You have multiple options when it comes to what kind of audio cables you'd like to run. I've installed systems ranging from cheap 25 person venues to $200K Danley systems that are intended for 3000+ That said I've used the best of the best cabling and the cheap stuff. While shielding is very important unless you plan to do studio work even though I really like it mogami cable is probably not required. Check out redco.com they have all sorts of bulk wire available. Be sure to balance the upfront cost with what it would cost in the future to replace a cheap cable that goes bad and you end up having to tear apart the whole booth and rewire everything later though. I ended up using a 24ch snake cable and running it below the floor of the room and up into both the stage and the sound booth. The important thing is plugs that you use. I love the neutrik plugs they're sturdy and make a very good connection plus they're very fast and easy to solder. Unfortunately they get kind of expensive too. amazon sells an awesome knock off of Neutrik that I use for smaller venues and they hold up very well. GLS 20 Pack of connectors for $30 (https://www.amazon.com/GLS-Audio-Plugs-Connectors-... amazing deal!
I ran the snake as far away from power as I could but its inevitable that at some point you're going to have to pass power just keep it as far away as you can without going through outrages means. Mine ended up passing power at a 90* in the booth but there is still about 3" separating them. Also if your power lines are in conduit or MC it should help add a bit of shielding and you probably wont run into too many problems. If your power lines are romex you'll want to try a little harder to keep them separated.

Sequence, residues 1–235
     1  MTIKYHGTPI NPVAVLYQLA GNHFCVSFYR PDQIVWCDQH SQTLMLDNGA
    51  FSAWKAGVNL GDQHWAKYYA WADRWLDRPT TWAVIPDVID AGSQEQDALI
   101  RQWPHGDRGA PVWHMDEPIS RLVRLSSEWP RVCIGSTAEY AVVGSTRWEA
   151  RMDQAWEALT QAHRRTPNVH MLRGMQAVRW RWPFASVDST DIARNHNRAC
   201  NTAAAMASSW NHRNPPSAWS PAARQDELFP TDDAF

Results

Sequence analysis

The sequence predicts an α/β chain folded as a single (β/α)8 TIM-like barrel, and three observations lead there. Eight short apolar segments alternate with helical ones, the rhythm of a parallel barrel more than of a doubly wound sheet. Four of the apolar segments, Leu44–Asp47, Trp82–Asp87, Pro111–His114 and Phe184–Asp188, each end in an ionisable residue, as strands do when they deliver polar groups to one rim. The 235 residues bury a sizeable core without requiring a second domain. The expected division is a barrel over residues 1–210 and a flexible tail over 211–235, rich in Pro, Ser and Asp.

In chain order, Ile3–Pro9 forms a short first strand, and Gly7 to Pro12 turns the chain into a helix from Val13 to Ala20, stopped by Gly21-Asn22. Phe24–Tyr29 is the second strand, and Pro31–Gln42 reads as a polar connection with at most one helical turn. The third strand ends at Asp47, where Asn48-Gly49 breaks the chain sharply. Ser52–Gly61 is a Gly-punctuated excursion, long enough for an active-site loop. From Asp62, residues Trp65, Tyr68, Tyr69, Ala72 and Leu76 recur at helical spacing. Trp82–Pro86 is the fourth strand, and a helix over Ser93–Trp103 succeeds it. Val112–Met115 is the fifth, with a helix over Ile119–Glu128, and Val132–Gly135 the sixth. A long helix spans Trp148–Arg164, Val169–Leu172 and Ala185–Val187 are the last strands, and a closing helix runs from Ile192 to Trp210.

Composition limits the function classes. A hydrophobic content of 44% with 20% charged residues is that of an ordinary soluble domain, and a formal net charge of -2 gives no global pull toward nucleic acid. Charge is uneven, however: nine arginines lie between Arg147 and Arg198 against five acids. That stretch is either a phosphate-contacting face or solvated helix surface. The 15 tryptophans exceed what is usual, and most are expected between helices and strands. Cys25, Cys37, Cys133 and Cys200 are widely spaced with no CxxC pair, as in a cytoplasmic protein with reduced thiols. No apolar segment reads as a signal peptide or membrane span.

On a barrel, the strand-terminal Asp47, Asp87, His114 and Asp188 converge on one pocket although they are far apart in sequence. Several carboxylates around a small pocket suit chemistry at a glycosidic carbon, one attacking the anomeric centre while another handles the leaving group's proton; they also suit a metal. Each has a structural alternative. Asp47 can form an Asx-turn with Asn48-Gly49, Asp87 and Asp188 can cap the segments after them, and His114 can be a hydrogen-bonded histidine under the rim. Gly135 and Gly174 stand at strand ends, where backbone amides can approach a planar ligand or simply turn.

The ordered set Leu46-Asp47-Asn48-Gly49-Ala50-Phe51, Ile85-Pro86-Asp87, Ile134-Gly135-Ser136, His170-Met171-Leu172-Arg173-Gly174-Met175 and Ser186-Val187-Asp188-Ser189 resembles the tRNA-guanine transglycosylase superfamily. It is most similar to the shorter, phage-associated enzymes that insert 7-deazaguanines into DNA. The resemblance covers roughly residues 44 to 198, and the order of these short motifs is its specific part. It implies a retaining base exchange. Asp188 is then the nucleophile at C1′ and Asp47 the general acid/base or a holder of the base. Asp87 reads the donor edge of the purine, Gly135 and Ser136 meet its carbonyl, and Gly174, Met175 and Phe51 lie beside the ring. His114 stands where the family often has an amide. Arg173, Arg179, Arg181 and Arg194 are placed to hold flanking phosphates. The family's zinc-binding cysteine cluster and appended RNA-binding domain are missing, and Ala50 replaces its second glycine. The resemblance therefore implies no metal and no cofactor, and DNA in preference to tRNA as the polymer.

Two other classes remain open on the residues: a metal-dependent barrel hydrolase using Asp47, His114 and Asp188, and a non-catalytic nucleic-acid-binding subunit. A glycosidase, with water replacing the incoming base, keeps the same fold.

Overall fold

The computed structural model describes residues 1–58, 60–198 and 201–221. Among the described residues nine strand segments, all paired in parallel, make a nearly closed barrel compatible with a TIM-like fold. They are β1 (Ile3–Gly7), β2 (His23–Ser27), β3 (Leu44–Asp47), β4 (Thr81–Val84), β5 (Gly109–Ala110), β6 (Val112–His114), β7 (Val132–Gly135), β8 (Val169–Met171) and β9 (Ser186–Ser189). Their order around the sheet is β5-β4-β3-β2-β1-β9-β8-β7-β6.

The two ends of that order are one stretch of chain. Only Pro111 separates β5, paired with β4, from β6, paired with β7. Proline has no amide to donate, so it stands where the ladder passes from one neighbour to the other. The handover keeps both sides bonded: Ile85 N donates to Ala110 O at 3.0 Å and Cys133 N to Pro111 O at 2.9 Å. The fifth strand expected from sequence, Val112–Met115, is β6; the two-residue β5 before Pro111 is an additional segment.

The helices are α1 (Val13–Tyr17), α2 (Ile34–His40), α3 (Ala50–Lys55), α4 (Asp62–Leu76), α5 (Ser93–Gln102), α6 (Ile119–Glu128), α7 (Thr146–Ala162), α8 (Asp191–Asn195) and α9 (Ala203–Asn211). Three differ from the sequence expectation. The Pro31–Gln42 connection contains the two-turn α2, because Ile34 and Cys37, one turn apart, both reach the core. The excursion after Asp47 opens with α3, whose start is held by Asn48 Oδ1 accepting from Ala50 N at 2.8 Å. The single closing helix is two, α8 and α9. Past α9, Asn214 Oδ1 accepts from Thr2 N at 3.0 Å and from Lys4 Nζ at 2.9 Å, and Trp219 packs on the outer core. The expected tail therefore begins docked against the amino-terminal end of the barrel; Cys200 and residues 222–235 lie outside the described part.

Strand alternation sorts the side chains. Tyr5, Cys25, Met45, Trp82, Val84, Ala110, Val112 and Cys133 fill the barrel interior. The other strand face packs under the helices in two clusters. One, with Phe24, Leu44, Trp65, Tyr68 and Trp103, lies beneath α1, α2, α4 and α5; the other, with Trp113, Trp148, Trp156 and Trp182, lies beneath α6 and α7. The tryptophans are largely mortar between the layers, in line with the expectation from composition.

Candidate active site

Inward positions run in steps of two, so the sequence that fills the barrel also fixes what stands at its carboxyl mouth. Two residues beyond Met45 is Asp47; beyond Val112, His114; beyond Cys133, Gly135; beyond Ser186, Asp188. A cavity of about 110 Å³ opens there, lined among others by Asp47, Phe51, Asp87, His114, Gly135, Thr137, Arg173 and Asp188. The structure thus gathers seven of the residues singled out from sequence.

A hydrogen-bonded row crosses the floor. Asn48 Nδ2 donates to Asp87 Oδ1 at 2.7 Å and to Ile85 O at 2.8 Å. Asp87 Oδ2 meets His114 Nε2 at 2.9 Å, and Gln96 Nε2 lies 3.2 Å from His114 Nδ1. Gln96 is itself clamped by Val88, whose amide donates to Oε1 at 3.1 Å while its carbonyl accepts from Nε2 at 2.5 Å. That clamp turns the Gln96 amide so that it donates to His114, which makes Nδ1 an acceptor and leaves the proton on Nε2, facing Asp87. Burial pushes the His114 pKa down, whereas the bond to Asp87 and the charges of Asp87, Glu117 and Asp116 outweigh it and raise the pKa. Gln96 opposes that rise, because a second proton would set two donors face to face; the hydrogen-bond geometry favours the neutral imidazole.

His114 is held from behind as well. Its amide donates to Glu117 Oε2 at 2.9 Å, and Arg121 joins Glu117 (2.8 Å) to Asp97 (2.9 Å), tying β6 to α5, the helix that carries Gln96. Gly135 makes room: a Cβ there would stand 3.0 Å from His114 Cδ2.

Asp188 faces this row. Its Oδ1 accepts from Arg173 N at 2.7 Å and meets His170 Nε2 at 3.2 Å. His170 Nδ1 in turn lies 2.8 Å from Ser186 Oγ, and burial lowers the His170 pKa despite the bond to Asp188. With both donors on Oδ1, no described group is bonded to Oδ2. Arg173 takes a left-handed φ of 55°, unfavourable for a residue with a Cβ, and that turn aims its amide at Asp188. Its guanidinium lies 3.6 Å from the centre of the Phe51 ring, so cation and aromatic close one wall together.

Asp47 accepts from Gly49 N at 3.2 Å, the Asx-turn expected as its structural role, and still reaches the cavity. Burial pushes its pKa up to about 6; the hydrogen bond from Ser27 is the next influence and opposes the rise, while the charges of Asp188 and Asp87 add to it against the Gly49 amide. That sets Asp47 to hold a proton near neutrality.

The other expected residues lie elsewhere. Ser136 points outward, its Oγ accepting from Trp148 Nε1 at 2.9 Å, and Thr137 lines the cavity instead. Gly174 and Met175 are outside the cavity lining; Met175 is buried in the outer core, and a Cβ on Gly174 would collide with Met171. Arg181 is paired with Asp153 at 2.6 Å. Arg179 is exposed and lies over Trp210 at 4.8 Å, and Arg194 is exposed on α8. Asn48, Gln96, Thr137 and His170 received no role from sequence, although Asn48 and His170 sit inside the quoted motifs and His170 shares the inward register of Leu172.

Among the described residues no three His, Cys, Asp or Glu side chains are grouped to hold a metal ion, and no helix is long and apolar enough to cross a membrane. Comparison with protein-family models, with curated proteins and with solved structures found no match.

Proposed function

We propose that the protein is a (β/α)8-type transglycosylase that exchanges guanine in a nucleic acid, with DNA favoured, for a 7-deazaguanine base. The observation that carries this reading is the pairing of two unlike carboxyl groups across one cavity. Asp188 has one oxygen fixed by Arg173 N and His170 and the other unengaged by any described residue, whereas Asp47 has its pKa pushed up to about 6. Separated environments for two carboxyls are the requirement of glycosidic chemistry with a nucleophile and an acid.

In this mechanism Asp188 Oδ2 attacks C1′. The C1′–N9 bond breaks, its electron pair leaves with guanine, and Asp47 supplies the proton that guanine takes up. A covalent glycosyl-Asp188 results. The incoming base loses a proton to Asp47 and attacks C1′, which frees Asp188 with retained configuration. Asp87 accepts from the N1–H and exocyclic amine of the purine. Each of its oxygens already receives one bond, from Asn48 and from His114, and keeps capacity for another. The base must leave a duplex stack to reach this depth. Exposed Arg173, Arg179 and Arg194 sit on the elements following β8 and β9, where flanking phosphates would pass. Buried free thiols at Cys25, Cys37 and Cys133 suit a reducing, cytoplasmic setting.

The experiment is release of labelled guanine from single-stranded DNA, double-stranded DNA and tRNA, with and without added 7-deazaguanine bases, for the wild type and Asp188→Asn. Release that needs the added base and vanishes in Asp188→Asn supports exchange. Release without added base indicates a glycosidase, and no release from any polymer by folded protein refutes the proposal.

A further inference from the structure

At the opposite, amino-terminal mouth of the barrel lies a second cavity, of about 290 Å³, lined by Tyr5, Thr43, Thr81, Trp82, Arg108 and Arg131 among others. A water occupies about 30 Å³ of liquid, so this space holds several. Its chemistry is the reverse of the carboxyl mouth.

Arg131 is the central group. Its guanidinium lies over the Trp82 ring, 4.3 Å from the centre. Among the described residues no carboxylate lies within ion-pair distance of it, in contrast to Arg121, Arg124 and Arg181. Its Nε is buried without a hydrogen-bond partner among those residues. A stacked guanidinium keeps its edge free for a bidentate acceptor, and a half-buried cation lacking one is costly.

You can see my full write up on the video system I used in this booth on my other instructable here https://www.instructables.com/id/Matrox-6-Screens-f... But the same applies for video as for audio, keep the video and power cables separate. Use good quality cables for video, this is one of your biggest visuals for your event. You don't want to have distortion or video loss due to bad cabling and it will take a lot of work to re-run cables once they're installed.
Step 3: Finishing
Once your completely sure that you've run all the wiring you want to (and then if your like me a few extra that can be used in the future) go ahead and sheet rock and close off the wall the rest of the way. You can now just paint it or do what I did and make it a cool feature for the room. I used just standard 1x3 common lumber and wrapped the booth in it. Then sanded and sealed it. Pick something that looks good for your room and follows your theme. our room already had a bunch of natural wood, but it would be really cool to see a steam punk design, or I even thought of running EL wire and making a Tron type booth. Have fun with it!